I opened this chapter with Sir Donald Cameron’s final departure from Dar es Salaam in 1935. I close it with Sir James Robertson leaving Lagos in 1960. The sunlit marina was crowded with thousands of spectators, waving and cheering excitedly as the governor-general, magnificent in his full-dress uniform, drove down to the lagoon and boarded the launch to transport him across the harbor. On the quayside the band was playing and an immaculate guard of honor was mounted. Final inspection; salutes and handshakes; the last goodbyes, thank yous, good wishes for the future; slowly up the gangplank. The ship pulls away almost impercetptibly from the quay, Standing to attention along the mole, the buglers play the nostalgic “Hausa Farewell.” As the great liner moves gracefully into the open sea the strains of the massed bands on the quayside can just be heard, rendering the traditional tune with which for sixty years the colony had bid farewell to the departing governor, “Will ye no’come back again?” 163
Whereupon Sir James turned to his wife and, with that characteristic twinkle in his eyes that had calmed so many moments of political passion, whispered to
her, “They’d be upset if we did!”
1. Sir Donald Cameron My Tanganyika Service and Some Nigeria (London 1939) pp. 289-290.
2. London Times, 12 May 1950.
3. Henry L. Hall, The Colonial Office: A History, Royal Empire Society Imperial Studies Series, no. 13 (London, 1937), p. 87.
4. Margery Perham African Apprenticeship (London 1937) p. 232.
5. For a detailed examination of the biographical data on some 200 governors see Anthony H. M. Kirk-Greene A Biographical Dictionary of the British Colonial Governor in Africa. Hoover Institution Press. Stanford University Press. 1980.
6. Idem, “Reflections on a Putative History of the Colonial Administrative Service,” Journal of Administration Overseas 14 January 1975):39-44.
7. The Sudan had a monopoly on this rank in the African context; but officials who elsewhere might have been recognized as provincial commissioners or residents were in the Sudan dignified with the title of governors of provinces.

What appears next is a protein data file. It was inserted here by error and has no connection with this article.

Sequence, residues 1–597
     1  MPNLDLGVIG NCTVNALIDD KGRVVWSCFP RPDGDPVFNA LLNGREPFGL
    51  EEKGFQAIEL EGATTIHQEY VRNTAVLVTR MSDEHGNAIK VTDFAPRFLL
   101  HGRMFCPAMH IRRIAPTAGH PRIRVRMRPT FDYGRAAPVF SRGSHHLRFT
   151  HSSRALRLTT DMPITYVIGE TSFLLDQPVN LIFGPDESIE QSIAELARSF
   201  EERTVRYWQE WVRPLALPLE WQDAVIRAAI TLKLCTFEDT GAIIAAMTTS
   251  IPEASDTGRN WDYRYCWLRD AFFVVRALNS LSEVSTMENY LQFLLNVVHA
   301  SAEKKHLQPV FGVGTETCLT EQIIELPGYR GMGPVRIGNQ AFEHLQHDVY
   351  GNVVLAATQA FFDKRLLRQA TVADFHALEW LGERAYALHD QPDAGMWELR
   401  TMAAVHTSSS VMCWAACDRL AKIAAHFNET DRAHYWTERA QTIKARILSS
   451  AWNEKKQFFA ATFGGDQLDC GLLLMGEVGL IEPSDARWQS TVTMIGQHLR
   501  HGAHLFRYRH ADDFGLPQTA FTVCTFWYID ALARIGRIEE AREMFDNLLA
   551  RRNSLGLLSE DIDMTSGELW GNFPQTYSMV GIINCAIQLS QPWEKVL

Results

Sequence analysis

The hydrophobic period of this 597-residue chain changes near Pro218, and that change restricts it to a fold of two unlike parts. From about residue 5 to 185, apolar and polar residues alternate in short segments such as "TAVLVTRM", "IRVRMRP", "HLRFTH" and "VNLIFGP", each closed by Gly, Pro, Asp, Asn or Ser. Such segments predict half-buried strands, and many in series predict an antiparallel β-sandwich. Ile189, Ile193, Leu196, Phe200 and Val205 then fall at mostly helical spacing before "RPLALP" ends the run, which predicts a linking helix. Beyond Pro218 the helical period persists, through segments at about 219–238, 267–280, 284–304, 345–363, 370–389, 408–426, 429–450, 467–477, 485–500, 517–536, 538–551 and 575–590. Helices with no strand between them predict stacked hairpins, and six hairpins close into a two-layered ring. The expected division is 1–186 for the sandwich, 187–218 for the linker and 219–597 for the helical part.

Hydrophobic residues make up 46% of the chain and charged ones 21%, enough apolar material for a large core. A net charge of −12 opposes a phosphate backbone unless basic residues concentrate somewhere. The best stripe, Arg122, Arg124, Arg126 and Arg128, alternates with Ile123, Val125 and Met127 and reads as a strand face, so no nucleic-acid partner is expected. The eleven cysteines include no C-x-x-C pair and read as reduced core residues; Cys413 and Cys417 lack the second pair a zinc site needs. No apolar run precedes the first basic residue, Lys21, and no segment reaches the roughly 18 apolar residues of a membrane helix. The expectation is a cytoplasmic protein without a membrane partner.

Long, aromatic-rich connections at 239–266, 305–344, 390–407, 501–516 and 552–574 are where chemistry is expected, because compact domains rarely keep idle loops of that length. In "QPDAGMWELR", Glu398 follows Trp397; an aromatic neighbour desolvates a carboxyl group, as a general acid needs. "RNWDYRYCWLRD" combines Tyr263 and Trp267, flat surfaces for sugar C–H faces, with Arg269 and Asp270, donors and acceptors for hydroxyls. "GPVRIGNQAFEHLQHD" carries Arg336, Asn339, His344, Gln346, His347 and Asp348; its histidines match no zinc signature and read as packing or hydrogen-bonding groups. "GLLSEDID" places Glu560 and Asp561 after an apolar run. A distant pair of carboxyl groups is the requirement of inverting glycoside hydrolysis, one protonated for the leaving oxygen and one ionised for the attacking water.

8. Mauritius Legislative Council Sessional Paner No. 9 of 1952- secretarv of state’s disnatch 21106 CR, no. 59, dated 1 March 1952.
9. Sir Alexander Grantham, governor of Hong Kong 1947-1957, enjoyed three extensions. But among African governors the lore ran that the Chinese were so courteous that a governor whose appointment they did not ask to be extended must have been a disaster indeed.
10. Quoted in Sir Michael Blundell, So Rough a Wind (London, 1964), p. 97.
11. Quoted in Darrell Bates, A Gust of Plumes (London, 1972), p. 130.
12. Sir Alexander Grantham, Via Ports (Hong Kong, 1965), p. 67.
13. Sir Charles Jeffries, Whitehall and the Colonial Service (London, 1972), p. 41; see also Sir Bede Clifford, Proconsul (London, 1964), p. 183.
14. However, it must not be overlooked that in accepting this transfer Clifford was returning to Malaya, his first colony and the one he had loved and written about. It was a privilege denied to another great “Malayan,” Sir Arthur Richards. Interview, 22 February 1969, Oxford Colonial Records Project (hereinafter cited O.C.R.P.), Rhodes House Library, Oxford University.
15. The legislation is contained in the periodic issuance of orders made under the Pensions (Governors of Dominions, etc.) Act of 1911. I am grateful to the archivist of the Foreign and Commonwealth Office for assistance in tracing the different regulations.
16. In brief, the difference in title of the senior executive officer may be said to be that in a colony he was known as colonial secretary and in a protectorate as chief secretary.
17. Not that a private income necessarily insured a peaceful administration. In the Bahamas, His Excellency the Honourable Bede Clifford followed up his legislators’ agreement to turn the island into a tax-free haven and tourist attraction by himself purchasing a hotel, a beach, and a golf course, which he then proceeded to sell to his own Bahaman government. Clifford, Proconsul,
18. Dispatch dated 15 February 1907, quoted in Sir Charles Bruce, The Broad Stone of Empire, 2 vols. (London, 1910), 1:213. In addition to the Pensions (Governors of Dominions, etc.) Act of 1911 and its subsequent amending legislation (e.g., in 1929, 1935, 1936, 1948, 1949, 1959, and 1964), the debate in the House of Commons on June 29, 1956, and in the House of Lords on July
23 in connection with further amending legislation is of prime importance. See also Colonial Governors Pensions, (Parliamentary Command Paper) Cmd. 3059 (London, 1928); Sir Kenneth Roberts-Wray, Commonwealth and Colonial Law (London, 1966), pp. 314-316.
19. R. E. Wraith, Guggisberg (London, 1967), p, 297.
20. Ibid., pp. 329, 336. When H. H. Johnston died in 1927, a quarter of a century after his retirement, his pension was a scant 9500 a year. The foreign office treated Sir Francis Wingate in almost as cavalier a manner; after seventeen years as governor-general of the Sudan, they offered him a pension of E600 annually.